One of the  Service Design successful examples is the recent win of the Blue Beach Bricks team with BRICKZY LSP facilitator  at Copenhagen Service Design Jam 2016

cph jam pres


Critical and design thinking tool,  developing flexible and agile mindset and embracing different cultural and social points of view, Lego Serious Play contributes with the value of boosting communication, cultural sensitivity, strategic decision-making, collaborative and other ‘soft’, people’s skills of the team. Moreover, the participants as the process and models owners are dedicated to the project and it’s further implementation, improving the service delivery and  back-end/front-end operations management.


LEGO® SERIOUS PLAY® Copenhagen MeetUp

We have opened LEGO® SERIOUS PLAY® Copenhagen MeetUp this November  – to show how the method works and challenge it’s team building power again.DSC_0083

Meet Up  often gathers people who have never seen or contacted each other before – the people which would like to discuss a theme or do something together. – We offered to Meet Up around the bricks!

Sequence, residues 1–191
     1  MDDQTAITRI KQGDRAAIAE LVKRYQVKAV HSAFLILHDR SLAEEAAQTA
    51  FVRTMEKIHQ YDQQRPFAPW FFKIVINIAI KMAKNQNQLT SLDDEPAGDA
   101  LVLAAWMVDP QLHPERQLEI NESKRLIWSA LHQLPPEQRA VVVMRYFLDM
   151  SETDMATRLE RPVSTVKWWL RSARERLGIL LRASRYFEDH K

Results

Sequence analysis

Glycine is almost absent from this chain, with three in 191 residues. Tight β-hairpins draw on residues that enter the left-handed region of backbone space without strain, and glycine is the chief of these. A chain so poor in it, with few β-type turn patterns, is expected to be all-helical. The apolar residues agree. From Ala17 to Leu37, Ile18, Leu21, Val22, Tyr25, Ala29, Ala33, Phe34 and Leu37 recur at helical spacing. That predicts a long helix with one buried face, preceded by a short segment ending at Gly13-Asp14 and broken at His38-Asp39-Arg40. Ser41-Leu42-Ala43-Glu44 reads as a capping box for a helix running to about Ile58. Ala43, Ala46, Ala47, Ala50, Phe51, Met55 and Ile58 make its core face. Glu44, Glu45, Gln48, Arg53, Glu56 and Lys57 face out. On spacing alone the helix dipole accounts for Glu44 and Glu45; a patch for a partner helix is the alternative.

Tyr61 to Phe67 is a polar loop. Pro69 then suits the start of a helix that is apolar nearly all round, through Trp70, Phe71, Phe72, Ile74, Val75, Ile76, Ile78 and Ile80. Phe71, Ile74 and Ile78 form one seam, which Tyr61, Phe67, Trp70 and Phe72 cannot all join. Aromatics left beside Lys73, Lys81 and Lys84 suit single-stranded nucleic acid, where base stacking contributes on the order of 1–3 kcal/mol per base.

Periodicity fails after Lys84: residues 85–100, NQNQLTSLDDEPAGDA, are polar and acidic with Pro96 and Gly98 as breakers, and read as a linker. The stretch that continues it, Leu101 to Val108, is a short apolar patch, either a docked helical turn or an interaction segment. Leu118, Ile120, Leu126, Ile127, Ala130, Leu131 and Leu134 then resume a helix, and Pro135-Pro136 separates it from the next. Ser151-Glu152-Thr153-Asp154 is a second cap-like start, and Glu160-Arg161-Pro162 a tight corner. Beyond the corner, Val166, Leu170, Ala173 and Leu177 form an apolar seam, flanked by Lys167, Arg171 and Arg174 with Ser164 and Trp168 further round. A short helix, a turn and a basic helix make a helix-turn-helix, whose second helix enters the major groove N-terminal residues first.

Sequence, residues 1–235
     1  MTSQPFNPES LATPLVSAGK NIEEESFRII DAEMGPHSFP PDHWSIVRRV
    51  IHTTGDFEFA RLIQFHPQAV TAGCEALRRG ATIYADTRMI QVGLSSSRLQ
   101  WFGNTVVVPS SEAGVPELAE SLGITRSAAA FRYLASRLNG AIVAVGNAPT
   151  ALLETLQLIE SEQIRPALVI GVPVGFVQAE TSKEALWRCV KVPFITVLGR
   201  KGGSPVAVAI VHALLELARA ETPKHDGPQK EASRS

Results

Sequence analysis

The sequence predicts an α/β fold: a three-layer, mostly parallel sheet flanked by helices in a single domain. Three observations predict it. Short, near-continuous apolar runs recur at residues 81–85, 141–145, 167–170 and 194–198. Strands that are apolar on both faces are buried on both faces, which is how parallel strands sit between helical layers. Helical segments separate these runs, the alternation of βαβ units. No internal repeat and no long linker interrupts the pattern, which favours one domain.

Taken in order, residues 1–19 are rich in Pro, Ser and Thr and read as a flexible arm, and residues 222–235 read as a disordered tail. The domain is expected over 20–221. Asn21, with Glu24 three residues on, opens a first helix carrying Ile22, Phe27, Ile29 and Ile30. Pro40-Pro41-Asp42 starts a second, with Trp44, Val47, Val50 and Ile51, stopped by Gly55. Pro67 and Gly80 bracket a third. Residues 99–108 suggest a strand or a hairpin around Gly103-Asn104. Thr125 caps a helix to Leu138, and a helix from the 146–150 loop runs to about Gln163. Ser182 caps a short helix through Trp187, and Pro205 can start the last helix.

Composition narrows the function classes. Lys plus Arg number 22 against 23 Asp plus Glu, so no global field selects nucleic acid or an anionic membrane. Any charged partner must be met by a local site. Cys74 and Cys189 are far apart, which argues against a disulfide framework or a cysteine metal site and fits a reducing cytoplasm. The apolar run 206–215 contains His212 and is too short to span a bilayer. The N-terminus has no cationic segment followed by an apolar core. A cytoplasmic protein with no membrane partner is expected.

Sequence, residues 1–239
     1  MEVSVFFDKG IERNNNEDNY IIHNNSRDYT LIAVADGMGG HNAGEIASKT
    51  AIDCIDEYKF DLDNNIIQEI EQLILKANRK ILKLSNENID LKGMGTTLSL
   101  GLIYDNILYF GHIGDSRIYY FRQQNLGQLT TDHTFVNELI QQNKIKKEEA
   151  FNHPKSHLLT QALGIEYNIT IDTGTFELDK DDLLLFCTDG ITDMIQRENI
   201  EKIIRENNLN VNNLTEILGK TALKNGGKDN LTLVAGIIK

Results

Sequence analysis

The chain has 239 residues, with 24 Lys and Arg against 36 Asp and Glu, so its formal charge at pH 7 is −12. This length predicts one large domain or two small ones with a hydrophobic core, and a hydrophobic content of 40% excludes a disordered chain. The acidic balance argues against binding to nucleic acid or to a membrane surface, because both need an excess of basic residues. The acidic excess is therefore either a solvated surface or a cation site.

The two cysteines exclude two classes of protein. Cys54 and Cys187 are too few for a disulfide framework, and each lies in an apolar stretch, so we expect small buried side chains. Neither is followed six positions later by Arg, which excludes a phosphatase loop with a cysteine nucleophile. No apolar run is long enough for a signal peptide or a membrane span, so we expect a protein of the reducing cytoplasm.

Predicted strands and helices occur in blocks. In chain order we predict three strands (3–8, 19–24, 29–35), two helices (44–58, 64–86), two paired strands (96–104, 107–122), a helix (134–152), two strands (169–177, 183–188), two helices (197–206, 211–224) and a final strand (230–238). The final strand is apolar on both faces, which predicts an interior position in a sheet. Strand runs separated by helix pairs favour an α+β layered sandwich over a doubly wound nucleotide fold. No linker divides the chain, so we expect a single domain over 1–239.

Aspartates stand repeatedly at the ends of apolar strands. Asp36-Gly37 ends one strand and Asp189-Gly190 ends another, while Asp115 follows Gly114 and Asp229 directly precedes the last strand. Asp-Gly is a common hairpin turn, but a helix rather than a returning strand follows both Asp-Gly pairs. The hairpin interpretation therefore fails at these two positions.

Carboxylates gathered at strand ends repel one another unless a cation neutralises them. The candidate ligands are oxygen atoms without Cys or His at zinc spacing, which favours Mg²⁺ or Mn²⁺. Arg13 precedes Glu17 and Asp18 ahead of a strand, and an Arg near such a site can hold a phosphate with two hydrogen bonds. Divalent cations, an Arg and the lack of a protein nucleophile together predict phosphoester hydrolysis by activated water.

The idea to meet is not only to learn about the method, but try it hands-on, understand it’s power – and get new insights about the challenges people experience at work, at home and in their private life.

DSC_0098Exploring possibilities and reconsidering old thinking tracks, the solutions are found together. We discussed multiple challenges and different themes, like product development, individual careers, job searching, budget dilemmas, business growth, personal choices… Whatever theme, the models keep the excitement and provoke questions going deeper and deeper – sometimes completely other direction than expected range of the theme. Focused on a model, self-making  articulating  discover new facets of personality and inspire the new roads to be taken – and solutions to be found soon.

DSC_0020Despite the workshop takes only around an hour, we had the feeling in the end of each session that now we are all very good friends, knowing each other for a very long time. We had great FUN doing things together and will definitely meet again in future.

DSC_0100We invite everybody  to join us the next meetings in Copenhagen. The plan is to get as many people as possible to try the method. In future we are also going to explore specific themes with LEGO® SERIOUS PLAY®.

If you are not in Copenhagen look for Meet Up groups locally – we are community of trained facilitators meeting around the bricks, the method connects models’ builders  all over the world.

Screen Shot 2015-12-12 at 21.33.17Find out more about our Meet Up in Copenhagen and see more pictures of the fantastic models we have created recently at  LEGO® SERIOUS PLAY® Copenhagen MeetUp Hope to see you there soon!

Understanding Values: A LEGO® SERIOUS PLAY® workshop for diverse teams

This time we played  at IACCM- SIETAR Austria- CEMS conference at Vienna University of EconomicIMG_3934s and Business.